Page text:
Abortionists in Asia are using the less expensive ultrasound scans to assure the age-old preference for male offspring, creating massive problems from the resultant disparity in the respective numbers of the sexes.
For instance, while the natural sex ratio in India is about 105 boys per 100 girls, in some regions it is now up to 156 boys per 100 girls. A 2006 Lancet study estimated that up to 500,000 preborn girls were being aborted every year in India.
In Communist China, where a one-child policy is still brutally enforced, the national ratio is about 120 boys per 100 girls with many provinces being even more highly skewed. A January report in China Daily suggested that within less than 15 years, there will be 30 million more men than women of marriageable age, leading to widespread social crises.
Already, the skewed sex ratio has resulted in a rise in the kidnapping and trafficking of women, both within the country and internationally. Mail order bride services have mushroomed, which, for a fee of up to $2,400, import wives for Chinese men from other countries, especially Burma. Joseph D'Agostino, vice president for communications with the Virginia-based Population Research Institute (PRI), calls the one-child policy "a massive violation of human rights" which affects both women and men.
"When it comes to sex selective abortion, it's something that's leading to grave social problems—the extermination of tens of millions of girls," says D'Agostino. "And of course it's bad for the boys too because they're going to grow up and not be able to get married. It seems to be against everyone's interests except the very elite and the communist government that runs China, which has its own agenda and its own goals."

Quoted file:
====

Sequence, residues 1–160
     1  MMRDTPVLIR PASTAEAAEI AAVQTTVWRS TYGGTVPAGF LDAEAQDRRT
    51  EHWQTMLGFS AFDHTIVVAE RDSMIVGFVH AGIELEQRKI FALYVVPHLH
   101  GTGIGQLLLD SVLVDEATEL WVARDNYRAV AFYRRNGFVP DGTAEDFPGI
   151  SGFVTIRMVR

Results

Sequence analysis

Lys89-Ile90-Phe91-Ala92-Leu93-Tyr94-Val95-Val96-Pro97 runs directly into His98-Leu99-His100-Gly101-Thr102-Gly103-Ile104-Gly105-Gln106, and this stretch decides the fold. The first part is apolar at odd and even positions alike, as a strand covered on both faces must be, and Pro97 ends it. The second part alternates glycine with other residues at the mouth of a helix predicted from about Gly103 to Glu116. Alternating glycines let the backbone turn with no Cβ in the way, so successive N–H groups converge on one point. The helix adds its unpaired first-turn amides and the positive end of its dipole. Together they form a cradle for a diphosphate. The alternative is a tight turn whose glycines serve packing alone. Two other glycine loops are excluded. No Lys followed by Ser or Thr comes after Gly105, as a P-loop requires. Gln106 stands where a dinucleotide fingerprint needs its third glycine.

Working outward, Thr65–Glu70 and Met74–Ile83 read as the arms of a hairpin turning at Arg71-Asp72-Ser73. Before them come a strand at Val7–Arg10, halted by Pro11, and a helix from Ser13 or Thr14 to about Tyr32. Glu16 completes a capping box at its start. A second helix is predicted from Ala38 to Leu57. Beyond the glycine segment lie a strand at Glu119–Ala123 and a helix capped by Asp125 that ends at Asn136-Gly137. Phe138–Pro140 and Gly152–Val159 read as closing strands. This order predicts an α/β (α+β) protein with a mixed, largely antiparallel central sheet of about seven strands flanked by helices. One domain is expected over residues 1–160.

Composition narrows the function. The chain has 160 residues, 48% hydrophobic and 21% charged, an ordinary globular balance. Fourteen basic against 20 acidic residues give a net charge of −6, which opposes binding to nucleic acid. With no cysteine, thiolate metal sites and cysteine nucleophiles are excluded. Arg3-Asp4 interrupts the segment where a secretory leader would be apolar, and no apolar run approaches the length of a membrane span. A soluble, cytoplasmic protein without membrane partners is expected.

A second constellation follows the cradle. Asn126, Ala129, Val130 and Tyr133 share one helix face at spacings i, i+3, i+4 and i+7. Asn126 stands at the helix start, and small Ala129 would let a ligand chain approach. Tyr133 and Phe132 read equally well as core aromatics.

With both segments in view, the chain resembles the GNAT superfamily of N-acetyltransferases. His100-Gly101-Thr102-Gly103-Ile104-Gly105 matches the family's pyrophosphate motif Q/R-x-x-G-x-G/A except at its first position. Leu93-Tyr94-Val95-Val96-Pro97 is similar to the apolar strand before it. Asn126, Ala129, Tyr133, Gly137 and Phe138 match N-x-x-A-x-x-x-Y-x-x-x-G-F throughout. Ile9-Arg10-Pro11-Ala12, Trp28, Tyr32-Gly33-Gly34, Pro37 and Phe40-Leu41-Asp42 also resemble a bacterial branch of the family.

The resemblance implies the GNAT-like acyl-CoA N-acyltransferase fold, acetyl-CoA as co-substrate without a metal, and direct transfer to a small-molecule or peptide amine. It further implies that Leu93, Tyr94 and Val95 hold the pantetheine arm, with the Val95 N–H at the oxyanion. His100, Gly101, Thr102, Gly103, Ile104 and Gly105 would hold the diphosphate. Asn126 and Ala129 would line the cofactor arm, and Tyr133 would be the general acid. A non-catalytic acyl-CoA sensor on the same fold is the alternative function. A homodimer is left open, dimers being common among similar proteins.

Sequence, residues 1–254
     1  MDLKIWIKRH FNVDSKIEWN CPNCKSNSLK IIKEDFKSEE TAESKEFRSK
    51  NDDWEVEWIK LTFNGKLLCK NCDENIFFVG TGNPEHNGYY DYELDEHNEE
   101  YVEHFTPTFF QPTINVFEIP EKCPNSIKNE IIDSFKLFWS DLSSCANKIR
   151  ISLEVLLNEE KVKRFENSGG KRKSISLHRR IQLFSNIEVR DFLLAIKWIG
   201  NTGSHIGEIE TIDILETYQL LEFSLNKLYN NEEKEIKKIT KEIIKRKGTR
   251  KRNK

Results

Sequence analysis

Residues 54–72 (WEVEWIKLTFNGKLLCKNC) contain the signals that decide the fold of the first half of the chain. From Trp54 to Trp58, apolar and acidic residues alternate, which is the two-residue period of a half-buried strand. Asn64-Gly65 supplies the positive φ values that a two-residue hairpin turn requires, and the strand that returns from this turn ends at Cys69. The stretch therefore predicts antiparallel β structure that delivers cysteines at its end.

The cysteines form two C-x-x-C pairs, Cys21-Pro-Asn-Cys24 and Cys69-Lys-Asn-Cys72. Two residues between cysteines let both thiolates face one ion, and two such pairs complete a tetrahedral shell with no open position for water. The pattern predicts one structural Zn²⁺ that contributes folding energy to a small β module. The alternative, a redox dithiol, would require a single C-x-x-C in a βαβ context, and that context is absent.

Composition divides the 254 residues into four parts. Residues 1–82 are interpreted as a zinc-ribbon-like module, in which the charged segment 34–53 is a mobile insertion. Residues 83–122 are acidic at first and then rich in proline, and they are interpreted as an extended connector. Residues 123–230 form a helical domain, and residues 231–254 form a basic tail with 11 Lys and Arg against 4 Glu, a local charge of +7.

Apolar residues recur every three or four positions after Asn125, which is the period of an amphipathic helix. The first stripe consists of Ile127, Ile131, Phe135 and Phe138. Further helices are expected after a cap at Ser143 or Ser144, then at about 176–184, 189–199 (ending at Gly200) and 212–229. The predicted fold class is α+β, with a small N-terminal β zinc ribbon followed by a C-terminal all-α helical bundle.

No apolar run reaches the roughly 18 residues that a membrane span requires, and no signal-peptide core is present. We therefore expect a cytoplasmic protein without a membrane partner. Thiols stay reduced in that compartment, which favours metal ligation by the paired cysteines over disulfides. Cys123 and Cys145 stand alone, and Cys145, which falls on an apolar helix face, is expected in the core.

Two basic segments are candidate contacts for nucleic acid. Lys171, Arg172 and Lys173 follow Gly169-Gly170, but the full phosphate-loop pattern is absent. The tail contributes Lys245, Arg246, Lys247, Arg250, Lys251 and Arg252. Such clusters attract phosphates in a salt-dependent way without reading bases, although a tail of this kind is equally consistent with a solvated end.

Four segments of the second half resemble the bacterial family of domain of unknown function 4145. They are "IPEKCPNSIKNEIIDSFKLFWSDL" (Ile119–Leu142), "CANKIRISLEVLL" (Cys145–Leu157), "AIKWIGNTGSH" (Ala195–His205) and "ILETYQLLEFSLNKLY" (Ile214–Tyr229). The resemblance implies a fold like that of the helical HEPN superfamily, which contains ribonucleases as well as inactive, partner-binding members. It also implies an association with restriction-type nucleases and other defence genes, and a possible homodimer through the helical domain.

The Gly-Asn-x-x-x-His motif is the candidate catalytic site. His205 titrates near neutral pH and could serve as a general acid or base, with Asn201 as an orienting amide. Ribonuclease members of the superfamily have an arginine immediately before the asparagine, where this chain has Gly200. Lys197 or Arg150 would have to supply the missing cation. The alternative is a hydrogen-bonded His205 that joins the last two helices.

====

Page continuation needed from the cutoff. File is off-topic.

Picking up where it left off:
D'Agostino says Beijing has now become aware of the problems of sex selection, and recently introduced cash bonuses for families who have girls, but the gap in the boy/girl ratio is still widening. Meanwhile, the one-child policy will remain firmly in place for another 50 years, the goal being to reduce China's population from the present 1.2 billion to 600 million.
Because of the policy, pregnant women are subjected to harassment, financial penalties, and forced abortions and sterilization, often in the late stages of pregnancy. Chen Guangchen, a blind activist who has fought against the one-child policy, said last October that more than 120,000 women in Shandong province alone were at that time forced to undergo sterilizations and abortions. Forced abortion and sterilization is enforced in Tibet as well...
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